Sen. Marco RubioMarco Antonio RubioApple under pressure to unlock Pensacola shooter's phones Senators offer bill to create alternatives to Huawei in 5G tech Surging Sanders draws fresh scrutiny ahead of debate MORE (R-Fla.) said Wednesday that the fact that three of the four top Republican presidential candidates are minorities shows the party’s diversity and strength.

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The remark came during an interview on ABC's "Good Morning America" when host George Stephanopoulos brought up the similarities between Rubio and Sen. Ted CruzRafael (Ted) Edward CruzWhat to watch for on Day 2 of Senate impeachment trial Senate Republicans muscle through rules for Trump trial Cruz: White House not expected to push motion to dismiss impeachment articles MORE (R-Texas).

Stephanopoulos noted that the two rivals for the GOP presidential nomination are both 44 years old, of Cuban descent, are in their first terms in the Senate, and have had Tea Party support.

"I like that. Ted is a friend of mine," Rubio said.

"I think it's interesting that the four top candidates in that field, three of them, of the four, come from minority backgrounds, which speaks a lot to the diversity of the Republican Party and the strength of our party," added Rubio, whose parents immigrated from Cuba.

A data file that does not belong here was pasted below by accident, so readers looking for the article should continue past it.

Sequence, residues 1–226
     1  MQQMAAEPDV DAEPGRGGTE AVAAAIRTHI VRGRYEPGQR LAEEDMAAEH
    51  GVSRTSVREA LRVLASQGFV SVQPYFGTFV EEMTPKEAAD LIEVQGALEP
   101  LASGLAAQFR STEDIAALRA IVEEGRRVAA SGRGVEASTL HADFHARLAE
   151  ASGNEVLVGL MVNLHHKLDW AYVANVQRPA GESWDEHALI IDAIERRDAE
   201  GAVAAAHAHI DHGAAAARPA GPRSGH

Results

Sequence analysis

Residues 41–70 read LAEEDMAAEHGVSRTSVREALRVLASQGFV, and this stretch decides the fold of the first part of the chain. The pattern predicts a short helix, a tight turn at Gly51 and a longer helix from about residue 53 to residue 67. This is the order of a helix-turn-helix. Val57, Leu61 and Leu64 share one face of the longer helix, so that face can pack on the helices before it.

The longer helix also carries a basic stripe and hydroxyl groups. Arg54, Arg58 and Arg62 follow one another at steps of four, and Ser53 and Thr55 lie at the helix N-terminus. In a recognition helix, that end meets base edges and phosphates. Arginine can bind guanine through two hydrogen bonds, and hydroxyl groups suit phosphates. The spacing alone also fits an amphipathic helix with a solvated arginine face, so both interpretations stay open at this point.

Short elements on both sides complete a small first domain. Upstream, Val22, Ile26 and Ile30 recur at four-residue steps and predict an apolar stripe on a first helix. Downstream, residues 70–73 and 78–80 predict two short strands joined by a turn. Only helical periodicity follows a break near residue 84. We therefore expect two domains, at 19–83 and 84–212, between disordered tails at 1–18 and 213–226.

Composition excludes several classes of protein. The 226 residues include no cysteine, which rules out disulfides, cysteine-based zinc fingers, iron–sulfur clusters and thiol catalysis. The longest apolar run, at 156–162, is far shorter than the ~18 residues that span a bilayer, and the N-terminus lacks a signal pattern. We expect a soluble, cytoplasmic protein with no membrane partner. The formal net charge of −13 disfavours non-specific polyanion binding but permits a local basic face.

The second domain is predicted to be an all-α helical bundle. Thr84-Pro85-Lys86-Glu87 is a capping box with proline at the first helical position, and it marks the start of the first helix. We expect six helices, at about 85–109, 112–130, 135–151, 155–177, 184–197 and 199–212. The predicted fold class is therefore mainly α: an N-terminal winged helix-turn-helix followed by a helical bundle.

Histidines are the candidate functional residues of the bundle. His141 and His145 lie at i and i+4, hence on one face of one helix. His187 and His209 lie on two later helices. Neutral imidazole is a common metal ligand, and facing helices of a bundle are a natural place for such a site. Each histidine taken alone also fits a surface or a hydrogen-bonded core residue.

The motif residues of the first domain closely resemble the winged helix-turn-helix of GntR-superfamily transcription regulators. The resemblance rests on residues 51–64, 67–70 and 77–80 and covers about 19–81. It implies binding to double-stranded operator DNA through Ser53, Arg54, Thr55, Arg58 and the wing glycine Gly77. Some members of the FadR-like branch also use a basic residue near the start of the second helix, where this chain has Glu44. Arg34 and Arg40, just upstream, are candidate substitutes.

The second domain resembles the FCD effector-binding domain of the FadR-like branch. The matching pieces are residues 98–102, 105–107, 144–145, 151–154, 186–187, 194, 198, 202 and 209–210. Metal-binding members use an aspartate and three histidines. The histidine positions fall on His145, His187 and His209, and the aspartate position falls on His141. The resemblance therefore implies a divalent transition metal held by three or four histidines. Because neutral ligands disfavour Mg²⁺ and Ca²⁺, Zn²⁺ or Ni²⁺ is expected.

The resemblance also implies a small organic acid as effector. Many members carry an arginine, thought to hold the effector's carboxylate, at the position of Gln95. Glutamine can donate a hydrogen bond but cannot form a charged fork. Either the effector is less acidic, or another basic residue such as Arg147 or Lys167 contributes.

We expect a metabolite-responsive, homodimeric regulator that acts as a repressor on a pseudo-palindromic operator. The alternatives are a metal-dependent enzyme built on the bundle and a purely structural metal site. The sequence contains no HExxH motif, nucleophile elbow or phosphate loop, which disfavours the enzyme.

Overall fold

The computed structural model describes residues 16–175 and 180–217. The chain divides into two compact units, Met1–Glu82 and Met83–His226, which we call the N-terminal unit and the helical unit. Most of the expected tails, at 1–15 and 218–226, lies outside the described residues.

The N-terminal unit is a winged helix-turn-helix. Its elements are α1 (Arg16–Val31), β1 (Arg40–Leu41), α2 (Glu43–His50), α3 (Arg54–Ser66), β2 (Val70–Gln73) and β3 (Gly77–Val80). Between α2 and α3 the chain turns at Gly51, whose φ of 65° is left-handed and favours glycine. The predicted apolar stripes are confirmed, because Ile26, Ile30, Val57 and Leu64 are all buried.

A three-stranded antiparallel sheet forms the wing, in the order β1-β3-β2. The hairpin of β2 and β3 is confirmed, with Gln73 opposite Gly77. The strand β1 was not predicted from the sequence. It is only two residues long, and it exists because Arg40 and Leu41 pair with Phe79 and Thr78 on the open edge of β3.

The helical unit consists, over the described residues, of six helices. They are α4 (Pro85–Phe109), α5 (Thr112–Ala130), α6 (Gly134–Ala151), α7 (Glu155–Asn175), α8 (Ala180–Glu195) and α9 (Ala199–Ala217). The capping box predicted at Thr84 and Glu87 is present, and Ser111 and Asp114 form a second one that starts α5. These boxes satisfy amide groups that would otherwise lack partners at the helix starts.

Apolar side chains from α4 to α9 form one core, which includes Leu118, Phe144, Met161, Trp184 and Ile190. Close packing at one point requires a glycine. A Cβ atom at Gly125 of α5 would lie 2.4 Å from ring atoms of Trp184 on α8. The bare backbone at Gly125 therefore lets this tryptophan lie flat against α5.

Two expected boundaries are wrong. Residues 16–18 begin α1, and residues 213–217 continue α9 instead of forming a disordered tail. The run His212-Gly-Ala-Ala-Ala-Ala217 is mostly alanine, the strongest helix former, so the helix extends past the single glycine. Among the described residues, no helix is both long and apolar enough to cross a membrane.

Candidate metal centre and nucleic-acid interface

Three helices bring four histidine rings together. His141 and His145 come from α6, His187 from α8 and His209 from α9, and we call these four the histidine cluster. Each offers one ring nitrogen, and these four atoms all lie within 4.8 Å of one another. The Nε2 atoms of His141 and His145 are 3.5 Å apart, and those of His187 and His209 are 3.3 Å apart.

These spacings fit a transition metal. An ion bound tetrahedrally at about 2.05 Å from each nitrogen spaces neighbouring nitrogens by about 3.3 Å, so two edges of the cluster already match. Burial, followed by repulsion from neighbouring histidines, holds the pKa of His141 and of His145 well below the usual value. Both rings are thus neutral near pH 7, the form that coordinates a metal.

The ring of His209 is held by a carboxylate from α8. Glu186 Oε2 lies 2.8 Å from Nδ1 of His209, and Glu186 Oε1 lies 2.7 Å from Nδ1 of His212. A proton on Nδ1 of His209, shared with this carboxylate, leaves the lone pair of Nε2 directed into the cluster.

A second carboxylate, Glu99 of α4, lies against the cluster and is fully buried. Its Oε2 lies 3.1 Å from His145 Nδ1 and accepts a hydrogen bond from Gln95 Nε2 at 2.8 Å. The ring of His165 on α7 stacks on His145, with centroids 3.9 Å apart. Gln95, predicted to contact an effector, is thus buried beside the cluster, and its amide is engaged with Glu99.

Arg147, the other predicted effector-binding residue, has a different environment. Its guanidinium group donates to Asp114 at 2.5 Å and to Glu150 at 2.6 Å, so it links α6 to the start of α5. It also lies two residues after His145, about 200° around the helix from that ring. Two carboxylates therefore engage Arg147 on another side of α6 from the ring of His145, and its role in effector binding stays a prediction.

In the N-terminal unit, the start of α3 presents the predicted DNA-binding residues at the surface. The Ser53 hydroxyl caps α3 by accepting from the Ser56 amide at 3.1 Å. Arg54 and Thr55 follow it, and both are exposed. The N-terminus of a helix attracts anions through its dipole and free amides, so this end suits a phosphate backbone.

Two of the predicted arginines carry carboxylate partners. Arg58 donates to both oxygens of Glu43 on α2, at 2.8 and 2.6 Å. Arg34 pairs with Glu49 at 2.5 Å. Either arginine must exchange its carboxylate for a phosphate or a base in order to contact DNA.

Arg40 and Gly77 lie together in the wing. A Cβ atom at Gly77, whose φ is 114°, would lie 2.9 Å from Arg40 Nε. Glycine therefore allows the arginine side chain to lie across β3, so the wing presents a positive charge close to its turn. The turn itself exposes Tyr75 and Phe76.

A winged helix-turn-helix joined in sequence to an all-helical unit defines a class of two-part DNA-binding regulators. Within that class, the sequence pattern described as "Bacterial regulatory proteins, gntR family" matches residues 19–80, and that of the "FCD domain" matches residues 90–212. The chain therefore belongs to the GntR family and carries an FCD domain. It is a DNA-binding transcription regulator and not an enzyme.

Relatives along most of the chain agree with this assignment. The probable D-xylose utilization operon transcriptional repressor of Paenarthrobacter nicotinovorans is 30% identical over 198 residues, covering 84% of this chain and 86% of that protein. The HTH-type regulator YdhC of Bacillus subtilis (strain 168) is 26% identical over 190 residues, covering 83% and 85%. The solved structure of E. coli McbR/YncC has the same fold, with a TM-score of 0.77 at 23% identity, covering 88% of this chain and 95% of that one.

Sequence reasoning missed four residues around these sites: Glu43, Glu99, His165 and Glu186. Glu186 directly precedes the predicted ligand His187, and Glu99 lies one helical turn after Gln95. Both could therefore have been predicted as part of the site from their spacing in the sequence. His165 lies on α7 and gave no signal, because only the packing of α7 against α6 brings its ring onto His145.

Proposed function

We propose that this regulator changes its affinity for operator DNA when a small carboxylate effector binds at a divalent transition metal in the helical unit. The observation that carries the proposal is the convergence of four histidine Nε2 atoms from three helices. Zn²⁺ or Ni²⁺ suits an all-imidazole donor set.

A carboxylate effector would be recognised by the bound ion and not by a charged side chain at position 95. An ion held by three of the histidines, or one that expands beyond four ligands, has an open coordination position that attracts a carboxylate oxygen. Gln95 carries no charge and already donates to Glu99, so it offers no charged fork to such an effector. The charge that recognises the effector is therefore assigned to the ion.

Another top Republican presidential candidate is Ben Carson, a retired neurosurgeon who is African-American. Carson is neck and neck in polls with Donald TrumpDonald John TrumpRouhani says Iran will never seek nuclear weapons Trump downplays seriousness of injuries in Iran attack after US soldiers treated for concussions Trump says Bloomberg is 'wasting his money' on 2020 campaign MORE.

Republicans have sought in recent years to broaden their appeal among minorities, a major focus of the "autopsy report" released by the party following its second loss to Barack ObamaBarack Hussein ObamaObama marks MLK Day by honoring King for his 'poetic brilliance' and 'moral clarity' Biden breaks away from 2020 pack in South Carolina National Archives says it altered Trump signs, other messages in Women's March photo MORE in 2012.

The issue has roiled Republicans this year, with Trump, who has been atop the polls since early summer, focusing largely on Hispanics illegally immigrating across the southern border into the U.S.